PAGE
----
JLS: “Chick Tech: High School” is important because we need more girls choosing technology as a career. This is important for multiple reasons, but the two biggest ones are:
- As we say in our Indiegogo campaign, without diversity, technology will never reach its full potential. How can we create the best solution with only a small, homogenous portion of our population involved? So many studies have shown us the benefit of having a diverse team. Let’s start acting like engineers and use this scientific data to make systematic improvements for better outcomes.
- Women and girls deserve an equal say in our future, and at this point, that future is dominated by technology. I can’t imagine that changing anytime soon. It is unacceptable for women’s voices to be talked over, their opinions to be ignored, and their ideas to be automatically dismissed. What kind of civilization do we live in? One where all people are treated as equally valuable regardless of race, gender, and sexual orientation? Or the one that I see reflected in the reports of too many technology companies with no women on their executive teams or boards and only 2-15% women on their technology staff?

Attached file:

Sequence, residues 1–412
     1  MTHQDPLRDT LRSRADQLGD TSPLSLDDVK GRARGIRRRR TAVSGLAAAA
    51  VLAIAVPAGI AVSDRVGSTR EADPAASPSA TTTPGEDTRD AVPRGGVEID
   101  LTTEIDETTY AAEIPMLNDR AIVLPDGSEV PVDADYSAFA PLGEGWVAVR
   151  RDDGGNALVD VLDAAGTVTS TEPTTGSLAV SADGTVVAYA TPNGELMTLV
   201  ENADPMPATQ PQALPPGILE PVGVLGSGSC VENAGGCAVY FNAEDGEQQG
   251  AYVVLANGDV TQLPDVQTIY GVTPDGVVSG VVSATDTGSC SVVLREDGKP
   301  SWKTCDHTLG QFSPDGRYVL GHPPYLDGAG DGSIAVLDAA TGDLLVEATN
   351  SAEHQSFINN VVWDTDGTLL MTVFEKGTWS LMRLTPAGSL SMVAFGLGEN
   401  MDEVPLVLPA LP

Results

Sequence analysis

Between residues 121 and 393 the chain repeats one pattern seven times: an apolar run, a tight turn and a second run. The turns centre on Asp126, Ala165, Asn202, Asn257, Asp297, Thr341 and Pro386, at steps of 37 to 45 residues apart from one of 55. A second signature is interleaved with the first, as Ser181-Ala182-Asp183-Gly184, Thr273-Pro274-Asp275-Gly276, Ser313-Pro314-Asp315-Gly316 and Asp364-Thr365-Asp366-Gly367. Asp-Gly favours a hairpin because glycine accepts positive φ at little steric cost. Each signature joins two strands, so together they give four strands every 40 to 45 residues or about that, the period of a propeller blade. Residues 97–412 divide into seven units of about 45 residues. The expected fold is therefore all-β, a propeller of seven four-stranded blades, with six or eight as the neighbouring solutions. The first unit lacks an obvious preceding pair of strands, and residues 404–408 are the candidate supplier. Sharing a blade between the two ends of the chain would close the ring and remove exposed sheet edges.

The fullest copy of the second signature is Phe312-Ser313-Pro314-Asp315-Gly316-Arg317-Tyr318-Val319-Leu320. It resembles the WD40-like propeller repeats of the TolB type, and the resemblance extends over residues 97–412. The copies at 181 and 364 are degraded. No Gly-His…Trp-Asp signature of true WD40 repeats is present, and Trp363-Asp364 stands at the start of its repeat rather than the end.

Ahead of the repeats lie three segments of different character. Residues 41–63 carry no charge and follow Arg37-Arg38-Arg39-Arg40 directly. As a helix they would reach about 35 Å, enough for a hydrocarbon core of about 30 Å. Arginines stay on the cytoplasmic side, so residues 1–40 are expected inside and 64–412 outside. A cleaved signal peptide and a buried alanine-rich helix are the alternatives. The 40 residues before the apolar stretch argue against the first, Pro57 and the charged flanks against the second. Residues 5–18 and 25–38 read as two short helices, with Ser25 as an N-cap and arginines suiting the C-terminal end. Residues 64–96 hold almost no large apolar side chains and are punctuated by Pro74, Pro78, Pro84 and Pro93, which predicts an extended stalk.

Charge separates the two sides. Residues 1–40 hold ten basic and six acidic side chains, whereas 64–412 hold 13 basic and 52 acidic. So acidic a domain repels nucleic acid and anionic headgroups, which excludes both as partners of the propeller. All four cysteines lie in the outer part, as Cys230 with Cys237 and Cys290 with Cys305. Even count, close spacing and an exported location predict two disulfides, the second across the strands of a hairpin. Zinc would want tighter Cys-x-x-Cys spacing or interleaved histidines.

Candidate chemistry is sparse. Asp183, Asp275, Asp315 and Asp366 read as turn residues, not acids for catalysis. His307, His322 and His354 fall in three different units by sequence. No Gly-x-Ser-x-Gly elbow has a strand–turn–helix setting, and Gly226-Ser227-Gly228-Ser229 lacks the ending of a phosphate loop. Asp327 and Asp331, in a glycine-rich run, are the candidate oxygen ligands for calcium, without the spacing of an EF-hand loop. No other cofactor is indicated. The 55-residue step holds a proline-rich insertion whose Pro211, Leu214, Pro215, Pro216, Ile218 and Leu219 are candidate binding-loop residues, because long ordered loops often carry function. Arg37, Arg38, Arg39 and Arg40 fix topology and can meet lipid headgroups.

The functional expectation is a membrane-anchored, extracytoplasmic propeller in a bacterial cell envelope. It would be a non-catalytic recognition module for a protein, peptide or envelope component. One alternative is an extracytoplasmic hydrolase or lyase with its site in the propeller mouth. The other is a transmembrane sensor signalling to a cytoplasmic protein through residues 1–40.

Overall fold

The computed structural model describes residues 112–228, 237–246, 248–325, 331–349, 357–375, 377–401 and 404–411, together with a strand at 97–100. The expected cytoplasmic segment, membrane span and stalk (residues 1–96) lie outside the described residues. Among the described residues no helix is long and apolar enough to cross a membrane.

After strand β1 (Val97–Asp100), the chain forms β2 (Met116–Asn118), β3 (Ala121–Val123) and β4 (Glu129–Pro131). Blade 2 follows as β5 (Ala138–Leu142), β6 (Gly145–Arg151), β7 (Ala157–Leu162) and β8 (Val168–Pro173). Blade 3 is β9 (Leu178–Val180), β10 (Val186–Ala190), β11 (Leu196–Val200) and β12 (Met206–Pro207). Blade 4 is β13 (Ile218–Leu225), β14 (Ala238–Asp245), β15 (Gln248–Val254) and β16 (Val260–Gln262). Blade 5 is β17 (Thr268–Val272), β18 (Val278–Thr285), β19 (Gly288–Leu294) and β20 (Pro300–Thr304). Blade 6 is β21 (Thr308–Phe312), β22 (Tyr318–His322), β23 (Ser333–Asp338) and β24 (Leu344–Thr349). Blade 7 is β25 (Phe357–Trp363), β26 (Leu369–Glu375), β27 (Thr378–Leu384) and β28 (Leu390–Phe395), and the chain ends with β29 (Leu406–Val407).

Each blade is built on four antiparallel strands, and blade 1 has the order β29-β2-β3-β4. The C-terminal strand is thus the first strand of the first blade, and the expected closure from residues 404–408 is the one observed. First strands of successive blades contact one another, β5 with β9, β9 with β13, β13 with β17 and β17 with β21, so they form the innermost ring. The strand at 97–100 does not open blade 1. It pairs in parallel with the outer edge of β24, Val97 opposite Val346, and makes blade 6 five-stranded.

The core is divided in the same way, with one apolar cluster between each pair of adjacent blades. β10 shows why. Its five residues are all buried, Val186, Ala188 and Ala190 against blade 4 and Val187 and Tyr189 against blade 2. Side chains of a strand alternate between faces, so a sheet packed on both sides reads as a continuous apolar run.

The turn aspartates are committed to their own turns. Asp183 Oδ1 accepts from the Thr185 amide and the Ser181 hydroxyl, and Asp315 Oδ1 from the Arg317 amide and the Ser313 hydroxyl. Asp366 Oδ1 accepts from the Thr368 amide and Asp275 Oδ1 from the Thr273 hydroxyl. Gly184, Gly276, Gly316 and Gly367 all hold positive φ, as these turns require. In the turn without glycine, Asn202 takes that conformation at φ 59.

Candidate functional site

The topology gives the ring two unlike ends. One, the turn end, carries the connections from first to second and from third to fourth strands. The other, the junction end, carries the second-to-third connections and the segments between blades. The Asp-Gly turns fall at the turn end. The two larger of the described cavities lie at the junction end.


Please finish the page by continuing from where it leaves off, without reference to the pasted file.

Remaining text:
JLS: I started ChickTech to give girls and women the support and sense of belonging that I didn’t have when I was a computer engineer. We focus on high school girls because so many of them are still not encouraged to be engineers and programmers, and they rarely even know what a career in tech would look like. Although I fell into technology, that just doesn’t happen to the vast majority. With ChickTech, we can change both the culture of the tech industry and help provide support until the culture values all people equally.